“When there’s a thunderstorm, it’s really cool, ” Dylan, Hi-Bar’s bartender told us as we sat atop the 6 Columbus hotel. We could see what he meant: the cozy rooftop bar, with its view of Columbus Circle and its warm décor would feel like a small, safe eye of a storm when the retractable screens were shut during bad weather. The bar, which is part of the Bromberg Brothers' array of New York restaurants and is supplied by Blue Ribbon Sushi Bar & Grill downstairs, is a popular spot for locals. Dylan said that he gets a lot of regulars, especially from the Time Warner building across the street. He enjoys getting to see customers meet, return, become friends…and sometimes more. “There are a lot of affairs, ” he said with a cheeky grin. With its view of the city and its intimate yet festive atmosphere, I could imagine having a wonderful party up on the thirteenth floor. With the lanterns glowing, strings of light glittering overhead, and moonlight bouncing off the distressed wood tabletops, what could be wrong with this vision? Before having even tried the food, I knew that Hi-Bar was a hidden gem. Chefs from downstairs brought up a sushi platter and a grilled lamb chop. I always get a kick out of listening to both Olivia and Tom describe the foods that they are sampling. On this particular day, they were amazed by the five different textures represented on the plate of sushi, including a young sea eel and a Tazmanian Fluke, which had a surface like scales. The Blue Ribbon specialty roll, with little dollops of caviar on top, contained lobster and shiso, an Asian herb that tastes vaguely like a cross between basil and mint. In a dish off to the side, scallop sashimi was cut in thin slivers, with the salty lips of the scallop in a cute cucumber cup. Switching gears, they then devoured the lamb chop, sitting on a bed of sweet potato squash, and cooked to perfection. While they tasted the dishes, and pronounced the platter “some of the most flavorful sushi, ” they had experienced, Dylan whipped up a few of the specialty cocktails. He mixed together a Lychee martini, made with the Japanese liquor shochu instead of vodka or gin, and a Yuzu Margarita, which was mellowed by a touch of honey. Once again, Olivia and Tom were smiling. The Grapefruit Hi, also made with shochu, was so refreshing it seemed wetter that water, and the Hummingbird, made with St. Germaine, was topped with a Yama Moto, a type of Japanese mountain peach. As we were getting ready to leave the Hi-Bar’s happy nook, Dylan informed us that he had grown up on Blue Ribbon. “I’ve been coming to their restaurants since I was five years old. They have been the same for years – so many restaurants change, but I can rely on Blue Ribbon. ” Dylan went on to say that he continues to eat at their now nineteen eateries - which he stated is a "small company" - whenever he has the opportunity.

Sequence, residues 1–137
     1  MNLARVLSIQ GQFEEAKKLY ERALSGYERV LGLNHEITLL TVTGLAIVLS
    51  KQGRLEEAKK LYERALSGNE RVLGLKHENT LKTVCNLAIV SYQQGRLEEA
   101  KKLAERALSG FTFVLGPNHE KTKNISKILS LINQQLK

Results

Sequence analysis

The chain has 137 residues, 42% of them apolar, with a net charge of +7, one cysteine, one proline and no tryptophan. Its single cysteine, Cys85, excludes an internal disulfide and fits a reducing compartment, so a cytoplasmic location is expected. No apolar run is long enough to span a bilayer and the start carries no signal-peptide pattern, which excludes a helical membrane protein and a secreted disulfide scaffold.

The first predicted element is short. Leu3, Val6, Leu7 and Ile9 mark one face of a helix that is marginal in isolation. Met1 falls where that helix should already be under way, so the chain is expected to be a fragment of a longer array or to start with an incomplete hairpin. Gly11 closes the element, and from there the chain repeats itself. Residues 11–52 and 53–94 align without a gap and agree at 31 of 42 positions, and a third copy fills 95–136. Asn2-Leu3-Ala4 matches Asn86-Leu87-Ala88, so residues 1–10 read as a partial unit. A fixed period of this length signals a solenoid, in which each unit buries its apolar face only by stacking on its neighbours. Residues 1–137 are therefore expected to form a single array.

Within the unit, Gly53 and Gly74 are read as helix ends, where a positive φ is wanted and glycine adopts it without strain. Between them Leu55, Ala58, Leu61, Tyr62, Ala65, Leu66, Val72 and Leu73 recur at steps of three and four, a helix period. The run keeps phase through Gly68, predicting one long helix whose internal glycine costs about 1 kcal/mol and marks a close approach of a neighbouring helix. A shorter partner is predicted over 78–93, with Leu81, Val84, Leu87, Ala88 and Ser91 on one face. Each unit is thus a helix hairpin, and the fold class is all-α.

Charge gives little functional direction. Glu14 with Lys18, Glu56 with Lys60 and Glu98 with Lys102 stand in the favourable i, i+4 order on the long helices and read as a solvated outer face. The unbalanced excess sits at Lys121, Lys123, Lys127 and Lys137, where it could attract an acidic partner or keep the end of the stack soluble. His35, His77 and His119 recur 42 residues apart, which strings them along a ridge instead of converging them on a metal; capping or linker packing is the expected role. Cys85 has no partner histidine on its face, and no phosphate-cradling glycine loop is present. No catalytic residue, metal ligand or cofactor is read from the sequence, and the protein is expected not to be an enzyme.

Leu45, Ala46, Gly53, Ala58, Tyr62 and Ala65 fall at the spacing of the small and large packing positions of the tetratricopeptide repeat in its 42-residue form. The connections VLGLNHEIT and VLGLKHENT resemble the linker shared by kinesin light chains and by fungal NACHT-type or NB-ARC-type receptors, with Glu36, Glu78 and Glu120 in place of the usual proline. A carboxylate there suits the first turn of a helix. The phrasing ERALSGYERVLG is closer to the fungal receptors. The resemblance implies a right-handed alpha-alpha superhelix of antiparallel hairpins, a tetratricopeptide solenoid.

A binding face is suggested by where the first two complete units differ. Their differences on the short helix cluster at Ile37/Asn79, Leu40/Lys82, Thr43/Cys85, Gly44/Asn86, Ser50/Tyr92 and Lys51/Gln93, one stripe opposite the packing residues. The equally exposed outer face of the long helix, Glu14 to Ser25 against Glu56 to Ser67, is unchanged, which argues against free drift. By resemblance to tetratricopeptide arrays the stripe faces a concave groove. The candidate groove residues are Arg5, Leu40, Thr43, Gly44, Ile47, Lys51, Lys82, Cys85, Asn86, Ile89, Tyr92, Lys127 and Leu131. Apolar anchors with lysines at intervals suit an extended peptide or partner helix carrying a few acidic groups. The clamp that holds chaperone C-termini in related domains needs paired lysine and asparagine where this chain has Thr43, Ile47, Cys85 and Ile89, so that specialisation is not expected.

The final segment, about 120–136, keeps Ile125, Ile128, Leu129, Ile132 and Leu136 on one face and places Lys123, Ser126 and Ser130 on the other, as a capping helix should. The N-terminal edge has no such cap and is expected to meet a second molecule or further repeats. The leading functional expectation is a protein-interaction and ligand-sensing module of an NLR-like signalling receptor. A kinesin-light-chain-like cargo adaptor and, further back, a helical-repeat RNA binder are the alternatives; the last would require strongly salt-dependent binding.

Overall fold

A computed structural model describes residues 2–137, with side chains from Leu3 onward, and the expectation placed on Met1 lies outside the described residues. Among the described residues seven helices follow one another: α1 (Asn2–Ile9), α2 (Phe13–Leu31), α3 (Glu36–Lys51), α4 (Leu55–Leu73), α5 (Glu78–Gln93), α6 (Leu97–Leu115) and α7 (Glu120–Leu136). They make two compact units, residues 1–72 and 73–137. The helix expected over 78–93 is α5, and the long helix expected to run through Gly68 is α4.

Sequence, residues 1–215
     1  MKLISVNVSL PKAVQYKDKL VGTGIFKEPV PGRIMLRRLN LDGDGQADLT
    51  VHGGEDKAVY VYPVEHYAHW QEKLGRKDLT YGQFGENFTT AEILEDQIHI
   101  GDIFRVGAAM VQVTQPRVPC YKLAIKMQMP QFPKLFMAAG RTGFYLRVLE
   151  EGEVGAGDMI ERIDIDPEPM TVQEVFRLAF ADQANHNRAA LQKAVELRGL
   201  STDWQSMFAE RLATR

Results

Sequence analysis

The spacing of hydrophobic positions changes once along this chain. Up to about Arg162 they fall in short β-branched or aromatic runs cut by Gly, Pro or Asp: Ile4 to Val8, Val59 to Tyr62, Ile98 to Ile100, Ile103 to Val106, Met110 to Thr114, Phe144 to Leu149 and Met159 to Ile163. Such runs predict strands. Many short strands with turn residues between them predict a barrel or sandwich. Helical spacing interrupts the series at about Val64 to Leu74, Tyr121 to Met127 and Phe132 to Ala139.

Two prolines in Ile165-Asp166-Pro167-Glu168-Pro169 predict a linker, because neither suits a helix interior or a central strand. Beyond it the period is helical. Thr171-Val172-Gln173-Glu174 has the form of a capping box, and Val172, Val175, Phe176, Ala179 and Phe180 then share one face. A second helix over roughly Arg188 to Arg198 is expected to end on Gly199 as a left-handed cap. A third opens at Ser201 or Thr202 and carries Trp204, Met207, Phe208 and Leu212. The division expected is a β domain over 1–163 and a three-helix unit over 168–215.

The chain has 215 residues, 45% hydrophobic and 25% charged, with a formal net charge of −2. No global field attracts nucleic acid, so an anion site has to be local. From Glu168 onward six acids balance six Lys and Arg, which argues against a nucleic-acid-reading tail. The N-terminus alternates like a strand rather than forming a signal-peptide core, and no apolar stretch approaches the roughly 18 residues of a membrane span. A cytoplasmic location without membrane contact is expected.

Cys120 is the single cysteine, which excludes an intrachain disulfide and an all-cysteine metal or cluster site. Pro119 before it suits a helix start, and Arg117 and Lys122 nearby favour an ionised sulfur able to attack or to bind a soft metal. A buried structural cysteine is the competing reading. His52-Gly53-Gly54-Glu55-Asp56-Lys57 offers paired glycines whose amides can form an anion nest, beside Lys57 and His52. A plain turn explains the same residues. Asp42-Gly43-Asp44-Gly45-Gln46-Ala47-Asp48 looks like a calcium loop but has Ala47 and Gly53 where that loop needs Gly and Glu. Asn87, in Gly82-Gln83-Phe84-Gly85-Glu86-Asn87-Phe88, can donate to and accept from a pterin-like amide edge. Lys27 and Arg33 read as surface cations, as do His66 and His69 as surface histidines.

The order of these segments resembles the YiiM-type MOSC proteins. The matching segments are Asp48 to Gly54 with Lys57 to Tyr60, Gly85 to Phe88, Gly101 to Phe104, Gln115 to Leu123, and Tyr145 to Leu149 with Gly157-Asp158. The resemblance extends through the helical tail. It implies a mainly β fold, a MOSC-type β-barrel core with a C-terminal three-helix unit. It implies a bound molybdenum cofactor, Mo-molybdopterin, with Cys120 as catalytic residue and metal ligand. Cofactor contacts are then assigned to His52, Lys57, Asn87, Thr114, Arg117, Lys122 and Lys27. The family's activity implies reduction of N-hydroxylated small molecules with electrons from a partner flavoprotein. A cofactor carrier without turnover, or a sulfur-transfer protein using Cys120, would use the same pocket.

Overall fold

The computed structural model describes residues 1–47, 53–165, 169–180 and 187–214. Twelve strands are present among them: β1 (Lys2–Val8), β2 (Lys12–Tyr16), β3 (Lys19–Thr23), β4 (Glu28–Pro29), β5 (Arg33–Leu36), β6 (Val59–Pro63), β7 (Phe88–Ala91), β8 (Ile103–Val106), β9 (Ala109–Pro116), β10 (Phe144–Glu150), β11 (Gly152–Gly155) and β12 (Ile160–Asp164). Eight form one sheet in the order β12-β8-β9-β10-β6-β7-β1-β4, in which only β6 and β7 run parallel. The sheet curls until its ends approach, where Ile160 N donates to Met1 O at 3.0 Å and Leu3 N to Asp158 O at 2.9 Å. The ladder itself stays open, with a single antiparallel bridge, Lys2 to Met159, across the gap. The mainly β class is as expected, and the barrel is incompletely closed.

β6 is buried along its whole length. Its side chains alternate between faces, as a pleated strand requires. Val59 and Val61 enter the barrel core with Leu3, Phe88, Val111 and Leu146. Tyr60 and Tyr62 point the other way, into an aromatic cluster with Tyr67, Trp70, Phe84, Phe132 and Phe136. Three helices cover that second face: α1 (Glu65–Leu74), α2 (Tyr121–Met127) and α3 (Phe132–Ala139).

The delectable assortment of French pastries was only the beginning of the excitement for me when I first visited Eclair Bakery. Getting to observe and speak with owner Stephane Pourrez, as he was preparing pastries, macarons, croissants and, of course, a variety of eclairs made the experience very special. An alumnus of Ferrandi, the French School of Culinary Arts in Paris, Pourrez worked in New York for a year as a pastry chef before he fulfilled his "childhood dream" of opening his own bakery. No matter what time I chose to pop in, I always found others sipping on their cafe au lait, and mingling with fellow French natives.
At Coffee Project NY, coffee-themed cocktails and high-quality java brewed with a mixologist’s eye are the stars of the menu. The concept was created by co-owners and founders Chi Sum Ngai and Kaleena Teoh in 2015, and has since expanded to having several other locations across the five boroughs. “We are very excited to be part of Hell’s Kitchen! ” Ngai said, adding, “In the opening of this new location we hope to create a community gathering space while sharing our passion for coffee with the neighborhood. ” “I’m a bit of a coffee snob and [Coffee Project] delivers on very good quality coffee, ” shared Paul David, a Hell’s Kitchen local. “I also really like the environment — the seating isn’t too crowded and it’s really peaceful. ”One of the shop’s innovative specialty beverages is its deconstructed late, which manager Jed Baxter said evokes a multi-sensory experience. In addition to deconstructed lates, Coffee Project offers classic lattes (complete with intricate latte art), classic pour-over brews, and teas. The cocktail menu includes drinks such as spiked Irish Coffee made with Teeling Whiskey and the brand’s own Teeling-blend beans. This story was adapted from the W42ST article, "Brew-tiful Transformation: Coffee Project Opens at Ikebana Zen with Day-to-Night Caffeinated Creations! ”